Recent violence in the DRC has led the U.N. to deploy troops with one of its strongest mandates yet: counter insurgency operations. Despite a 20,000 U.N. peace force deployed in the region the rebel forces took and held Goma for 10 days last November, committing many atrocities including mass rape. The new U.N. deployment, consisting of troops from South Africa, Tanzania, and Malawi is intended to prevent new atrocities. The effectiveness of this newest deployment is uncertain. Troops will be engaging in joint operations, requiring coordination in an unfamiliar setting and already logistics and bureaucracy have delayed troop deployment.

Other military forces also have a presence in CAR. South Africa deployed 200 soldiers in January this year with the potential to deploy an additional 200. These forces will assist in training the CAR army and are not intended to engage directly with rebel forces. Ugandan soldiers with U.S. Special Forces support are also deployed in CAR. The Economic Community of Central Africa has authorized forces to deploy in the country as well. And France recently boosted their troop presence in CAR from 250 to 600.

The global and regional community recognizes the need for military intervention in the region demonstrated by the troop deployments. Whether this leads to a cessation in violence or even a lasting peace is uncertain.

– Callie D. Coleman

Sources: IRIN, The Economist, UNHCR
Photos: IRIN

refugee populations
An estimated 15.2 million people in the world are refugees, people forced to leave their home countries because of persecution, war, or other kinds of violence. That’s the equivalent of the populations of New York, Los Angeles, Chicago, and San Francisco combined.

Who are these people? Where do they come from? And where do they currently reside? Data from the United Nations High Commissioner for Refugees give us the following snapshot of these populations: of the 15.2 million refugees, 46% are under 18, and 48% are female. Most of these people have been forced to move to developing nations, which host an estimated 80% of the world’s refugee population.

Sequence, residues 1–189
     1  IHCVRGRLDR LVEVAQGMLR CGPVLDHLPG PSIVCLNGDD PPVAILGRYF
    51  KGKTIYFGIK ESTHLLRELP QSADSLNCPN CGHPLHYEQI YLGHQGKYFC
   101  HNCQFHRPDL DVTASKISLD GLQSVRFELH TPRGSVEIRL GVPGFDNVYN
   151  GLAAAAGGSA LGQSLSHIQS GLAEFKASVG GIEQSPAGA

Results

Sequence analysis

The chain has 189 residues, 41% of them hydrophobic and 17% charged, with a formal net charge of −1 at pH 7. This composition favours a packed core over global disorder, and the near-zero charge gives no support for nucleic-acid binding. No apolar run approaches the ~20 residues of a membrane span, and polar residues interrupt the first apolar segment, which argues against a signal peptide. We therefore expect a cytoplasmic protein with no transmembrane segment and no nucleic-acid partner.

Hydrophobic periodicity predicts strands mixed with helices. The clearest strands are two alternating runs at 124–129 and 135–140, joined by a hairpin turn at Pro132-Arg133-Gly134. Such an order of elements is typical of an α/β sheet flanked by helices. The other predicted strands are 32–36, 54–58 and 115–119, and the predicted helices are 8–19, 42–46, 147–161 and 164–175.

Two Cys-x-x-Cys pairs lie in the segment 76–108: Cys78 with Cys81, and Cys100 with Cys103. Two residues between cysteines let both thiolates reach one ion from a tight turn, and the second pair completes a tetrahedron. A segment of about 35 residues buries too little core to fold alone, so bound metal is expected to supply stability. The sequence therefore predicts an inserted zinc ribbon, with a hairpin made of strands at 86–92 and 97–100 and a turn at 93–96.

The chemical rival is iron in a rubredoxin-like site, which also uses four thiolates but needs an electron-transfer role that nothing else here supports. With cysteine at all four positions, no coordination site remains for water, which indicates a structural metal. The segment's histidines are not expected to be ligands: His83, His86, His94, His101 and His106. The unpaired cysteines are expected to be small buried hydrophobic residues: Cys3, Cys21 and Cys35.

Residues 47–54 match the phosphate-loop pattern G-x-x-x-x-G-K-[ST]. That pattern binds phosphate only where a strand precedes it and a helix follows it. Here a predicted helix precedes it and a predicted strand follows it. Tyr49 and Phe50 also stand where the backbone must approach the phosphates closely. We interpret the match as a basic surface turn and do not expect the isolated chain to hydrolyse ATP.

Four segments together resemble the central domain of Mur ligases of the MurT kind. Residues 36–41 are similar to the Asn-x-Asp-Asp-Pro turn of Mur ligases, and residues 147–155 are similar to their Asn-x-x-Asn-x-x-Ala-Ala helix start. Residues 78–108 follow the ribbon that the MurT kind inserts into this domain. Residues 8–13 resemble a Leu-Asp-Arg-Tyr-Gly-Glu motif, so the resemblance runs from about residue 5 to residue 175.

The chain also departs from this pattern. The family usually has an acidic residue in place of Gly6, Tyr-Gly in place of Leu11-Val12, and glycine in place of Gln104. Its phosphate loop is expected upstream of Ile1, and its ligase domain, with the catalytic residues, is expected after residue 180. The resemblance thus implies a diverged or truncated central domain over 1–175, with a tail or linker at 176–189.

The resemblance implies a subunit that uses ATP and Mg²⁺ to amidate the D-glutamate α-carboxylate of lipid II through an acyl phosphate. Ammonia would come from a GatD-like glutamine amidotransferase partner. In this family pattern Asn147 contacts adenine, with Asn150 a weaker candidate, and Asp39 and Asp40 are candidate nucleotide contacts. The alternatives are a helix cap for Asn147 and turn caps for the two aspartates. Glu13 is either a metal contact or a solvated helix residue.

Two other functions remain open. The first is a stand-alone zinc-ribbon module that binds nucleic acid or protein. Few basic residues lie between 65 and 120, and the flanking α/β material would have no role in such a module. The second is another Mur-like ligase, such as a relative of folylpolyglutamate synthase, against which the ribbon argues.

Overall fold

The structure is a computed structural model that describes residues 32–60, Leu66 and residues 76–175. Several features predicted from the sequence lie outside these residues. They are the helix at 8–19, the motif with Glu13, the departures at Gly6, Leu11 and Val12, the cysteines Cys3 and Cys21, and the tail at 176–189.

The country with the largest refugee population in the world is Pakistan, which hosts an estimated 1.7 million refugees. Many of these refugees are from neighboring Afghanistan, the country that produces the greatest number of refugees, an estimated 2.7 million people. To place these numbers in a global context, below is a list of the world’s top 5 largest refugee populations by the nation of origin.

Largest Refugee Populations

1. Afghanistan –  2.7 million refugees worldwide

2. Iraq – 1.7 million

3. Somalia –  770,000

4. Democratic Republic of Congo – 477,000

5. Myanmar – 415,000

 

Refugees from these and other countries are forced to move across the globe, many of them ending up in Pakistan, Iran, Syria, Germany, and Jordan, the top 5 on the list of host countries. Jordan, Syria, Congo, Chad, and Montenegro are the countries with the highest proportion of refugees per 1,000 people. The United States currently hosts an estimated 265,000 refugees.